NASA Voyager 2 suffers from technical problems in interstellar space

NASA Voyager 2 suffers from technical problems in interstellar space”

That triggered the spacecraft's fault protection software routine, which responds if it senses that Voyager 2 is consuming too much energy.

It's not often that a NASA mission is still up and running over four decades after launch, but the space agency's Voyager twins are anything but ordinary.

It has taken the team several days to assess the current situation primarily because of Voyager 2's distance from Earth - about 11.5 billion miles (18.5 billion kilometers). Besides the hazards of space itself, Voyager 2 has to deal with the decay of the radioactive material that provides power. That instrument has continued to operate, though.

Launched in 1977, both Voyager probes are now hurtling through interstellar space, making them the most distant man-made objects from Earth. Analysis of the telemetry from the spacecraft indicated that an unexplained delay in the onboard execution of the maneuver commands inadvertently left two systems that consume relatively high levels of power operating at the same time. The onboard software made a decision to offset this power deficit by shutting down the five scientific instruments still working. Until January 28, however, they still aren't collecting data from the spacecraft, and engineers have to work harder to restore normal operation. The probe's fault protection system triggered the shutdown of the spacecraft's scientific instruments to save electricity. It remains the only spacecraft to visit both Saturn and Neptune, which kept it from reaching the interstellar medium until 2018. For example, they disabled the heater on the cosmic ray subsystem instrument to save power. The probe seemed to turn off its scientific instruments to compensate for overdraft. Engineers did the same thing with thrusters on Voyager 1 in 2017.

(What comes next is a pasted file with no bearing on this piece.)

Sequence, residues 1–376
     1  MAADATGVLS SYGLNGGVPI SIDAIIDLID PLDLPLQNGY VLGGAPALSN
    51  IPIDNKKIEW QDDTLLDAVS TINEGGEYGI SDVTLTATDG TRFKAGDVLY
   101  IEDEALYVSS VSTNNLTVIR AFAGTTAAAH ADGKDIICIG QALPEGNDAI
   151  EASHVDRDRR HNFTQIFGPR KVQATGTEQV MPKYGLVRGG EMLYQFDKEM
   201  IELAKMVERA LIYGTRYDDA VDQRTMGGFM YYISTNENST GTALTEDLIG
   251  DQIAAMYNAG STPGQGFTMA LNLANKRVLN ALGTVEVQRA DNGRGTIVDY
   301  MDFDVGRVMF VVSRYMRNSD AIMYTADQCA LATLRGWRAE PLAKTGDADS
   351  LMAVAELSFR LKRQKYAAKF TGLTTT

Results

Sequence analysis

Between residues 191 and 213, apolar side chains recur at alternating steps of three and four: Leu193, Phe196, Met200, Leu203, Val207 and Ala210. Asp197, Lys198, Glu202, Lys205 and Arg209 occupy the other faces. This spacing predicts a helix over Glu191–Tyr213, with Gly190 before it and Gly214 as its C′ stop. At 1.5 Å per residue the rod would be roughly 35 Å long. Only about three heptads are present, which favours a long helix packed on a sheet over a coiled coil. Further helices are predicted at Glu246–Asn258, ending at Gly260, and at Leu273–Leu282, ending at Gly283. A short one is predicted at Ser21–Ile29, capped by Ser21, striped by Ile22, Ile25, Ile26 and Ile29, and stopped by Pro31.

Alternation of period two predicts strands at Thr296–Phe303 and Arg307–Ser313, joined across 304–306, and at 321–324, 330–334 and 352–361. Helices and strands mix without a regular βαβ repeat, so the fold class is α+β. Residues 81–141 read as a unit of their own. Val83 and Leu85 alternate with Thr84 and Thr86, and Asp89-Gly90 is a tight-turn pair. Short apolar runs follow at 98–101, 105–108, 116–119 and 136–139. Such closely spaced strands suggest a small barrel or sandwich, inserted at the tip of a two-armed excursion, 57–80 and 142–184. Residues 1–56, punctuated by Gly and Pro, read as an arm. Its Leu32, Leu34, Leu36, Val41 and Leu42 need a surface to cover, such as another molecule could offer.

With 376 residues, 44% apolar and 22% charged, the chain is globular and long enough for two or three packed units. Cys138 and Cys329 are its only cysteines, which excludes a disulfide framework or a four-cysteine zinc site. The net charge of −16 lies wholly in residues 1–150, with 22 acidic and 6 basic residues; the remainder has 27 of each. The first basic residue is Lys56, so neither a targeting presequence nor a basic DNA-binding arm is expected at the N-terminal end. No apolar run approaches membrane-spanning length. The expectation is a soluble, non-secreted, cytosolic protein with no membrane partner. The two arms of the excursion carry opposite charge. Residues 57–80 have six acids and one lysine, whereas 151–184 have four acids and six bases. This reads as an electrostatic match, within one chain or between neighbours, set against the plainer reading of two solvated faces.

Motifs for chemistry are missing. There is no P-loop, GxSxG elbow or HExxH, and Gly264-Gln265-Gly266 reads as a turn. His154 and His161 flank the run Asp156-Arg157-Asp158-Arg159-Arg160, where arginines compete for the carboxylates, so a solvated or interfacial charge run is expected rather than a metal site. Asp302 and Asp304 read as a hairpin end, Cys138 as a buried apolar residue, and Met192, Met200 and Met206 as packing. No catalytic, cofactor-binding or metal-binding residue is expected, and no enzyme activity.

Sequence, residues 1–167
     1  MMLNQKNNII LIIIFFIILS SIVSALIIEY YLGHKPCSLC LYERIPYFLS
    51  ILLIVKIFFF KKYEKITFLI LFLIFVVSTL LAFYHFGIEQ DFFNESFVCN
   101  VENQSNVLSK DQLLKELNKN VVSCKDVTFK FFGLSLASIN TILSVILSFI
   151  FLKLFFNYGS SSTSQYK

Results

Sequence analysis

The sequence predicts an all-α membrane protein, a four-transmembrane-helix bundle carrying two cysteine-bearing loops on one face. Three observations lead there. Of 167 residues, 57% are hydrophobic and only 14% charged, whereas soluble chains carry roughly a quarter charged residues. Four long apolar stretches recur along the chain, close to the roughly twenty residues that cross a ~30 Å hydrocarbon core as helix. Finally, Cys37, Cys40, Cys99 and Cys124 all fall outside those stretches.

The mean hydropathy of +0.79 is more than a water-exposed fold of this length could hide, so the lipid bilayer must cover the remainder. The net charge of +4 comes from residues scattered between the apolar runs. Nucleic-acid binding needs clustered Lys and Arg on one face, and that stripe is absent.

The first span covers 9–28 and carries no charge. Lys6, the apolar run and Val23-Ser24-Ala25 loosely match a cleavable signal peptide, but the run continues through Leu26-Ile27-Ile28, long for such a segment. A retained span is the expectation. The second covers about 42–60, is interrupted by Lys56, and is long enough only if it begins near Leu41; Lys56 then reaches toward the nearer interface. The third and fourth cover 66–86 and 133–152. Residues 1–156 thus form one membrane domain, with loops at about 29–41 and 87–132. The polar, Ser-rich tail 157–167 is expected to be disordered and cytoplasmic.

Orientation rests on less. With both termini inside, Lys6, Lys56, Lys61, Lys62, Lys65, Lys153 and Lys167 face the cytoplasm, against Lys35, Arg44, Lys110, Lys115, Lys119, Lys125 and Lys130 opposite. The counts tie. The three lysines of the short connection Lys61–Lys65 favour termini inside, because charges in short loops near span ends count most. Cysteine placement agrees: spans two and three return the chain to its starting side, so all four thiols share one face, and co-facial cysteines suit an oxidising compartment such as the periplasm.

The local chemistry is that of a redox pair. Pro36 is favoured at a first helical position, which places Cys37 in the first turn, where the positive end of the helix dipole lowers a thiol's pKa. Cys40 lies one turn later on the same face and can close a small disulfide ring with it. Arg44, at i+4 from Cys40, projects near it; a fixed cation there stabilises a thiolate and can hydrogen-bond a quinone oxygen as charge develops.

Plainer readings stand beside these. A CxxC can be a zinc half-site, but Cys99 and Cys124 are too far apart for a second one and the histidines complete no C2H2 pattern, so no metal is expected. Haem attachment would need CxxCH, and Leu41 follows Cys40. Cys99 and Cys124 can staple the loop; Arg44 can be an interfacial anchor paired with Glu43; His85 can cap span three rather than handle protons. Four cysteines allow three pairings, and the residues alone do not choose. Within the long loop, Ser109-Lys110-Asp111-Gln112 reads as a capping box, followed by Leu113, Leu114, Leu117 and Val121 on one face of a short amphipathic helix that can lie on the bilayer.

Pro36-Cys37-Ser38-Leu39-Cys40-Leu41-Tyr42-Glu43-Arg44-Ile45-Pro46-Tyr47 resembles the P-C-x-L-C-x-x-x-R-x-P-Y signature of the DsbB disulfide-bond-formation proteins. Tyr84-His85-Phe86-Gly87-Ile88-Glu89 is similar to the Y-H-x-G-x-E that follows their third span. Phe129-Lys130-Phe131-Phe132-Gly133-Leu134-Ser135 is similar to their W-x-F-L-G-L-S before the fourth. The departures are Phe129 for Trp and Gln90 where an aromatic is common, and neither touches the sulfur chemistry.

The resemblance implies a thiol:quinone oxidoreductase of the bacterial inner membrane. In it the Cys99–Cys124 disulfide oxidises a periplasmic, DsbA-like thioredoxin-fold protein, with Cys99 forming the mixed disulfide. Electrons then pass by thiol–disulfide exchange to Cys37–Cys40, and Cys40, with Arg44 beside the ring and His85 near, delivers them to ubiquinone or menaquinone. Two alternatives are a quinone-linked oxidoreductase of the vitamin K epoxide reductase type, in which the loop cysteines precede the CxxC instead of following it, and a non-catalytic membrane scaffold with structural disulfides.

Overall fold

Can NASA save the Voyager 2 probe?

That instrument dropped to minus 74 degrees Fahrenheit, but it's still sending back data.

According to the United States space agency, initial analysis of the spacecraft's failure suggests the probe has overdrawn its power reserves.

Last fall, scientists confirmed that Voyager 2 had broken through the wall of hydrogen at the edge of the solar system and was speeding through interstellar space. Even with communication at the speed of light, engineers have to wait 17 hours to receive info and another 17 beyond that to verify that a command was successful.

In respect to the Sun, Voyager 2 is now flying through space at breakneck speeds of about 34,390mph.

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